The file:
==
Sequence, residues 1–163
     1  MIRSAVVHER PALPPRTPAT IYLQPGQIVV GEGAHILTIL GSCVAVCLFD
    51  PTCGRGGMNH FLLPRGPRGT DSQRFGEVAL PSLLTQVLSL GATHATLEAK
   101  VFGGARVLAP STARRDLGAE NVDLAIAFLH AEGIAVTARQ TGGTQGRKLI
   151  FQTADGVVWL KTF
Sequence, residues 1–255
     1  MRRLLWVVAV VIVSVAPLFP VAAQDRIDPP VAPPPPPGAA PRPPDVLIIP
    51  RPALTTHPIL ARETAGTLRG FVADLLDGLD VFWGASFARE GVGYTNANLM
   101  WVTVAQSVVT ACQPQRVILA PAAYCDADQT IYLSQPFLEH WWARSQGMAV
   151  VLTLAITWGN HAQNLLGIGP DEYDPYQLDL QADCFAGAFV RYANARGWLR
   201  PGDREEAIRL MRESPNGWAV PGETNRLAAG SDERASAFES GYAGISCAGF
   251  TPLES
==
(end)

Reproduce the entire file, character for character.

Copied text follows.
Sequence, residues 1–163
     1  MIRSAVVHER PALPPRTPAT IYLQPGQIVV GEGAHILTIL GSCVAVCLFD
    51  PTCGRGGMNH FLLPRGPRGT DSQRFGEVAL PSLLTQVLSL GATHATLEAK
   101  VFGGARVLAP STARRDLGAE NVDLAIAFLH AEGIAVTARQ TGGTQGRKLI
   151  FQTADGVVWL KTF
Sequence, residues 1–255
     1  MRRLLWVVAV VIVSVAPLFP VAAQDRIDPP VAPPPPPGAA PRPPDVLIIP
    51  RPALTTHPIL ARETAGTLRG FVADLLDGLD VFWGASFARE GVGYTNANLM
   101  WVTVAQSVVT ACQPQRVILA PAAYCDADQT IYLSQPFLEH WWARSQGMAV
   151  VLTLAITWGN HAQNLLGIGP DEYDPYQLDL QADCFAGAFV RYANARGWLR
   201  PGDREEAIRL MRESPNGWAV PGETNRLAAG SDERASAFES GYAGISCAGF
   251  TPLES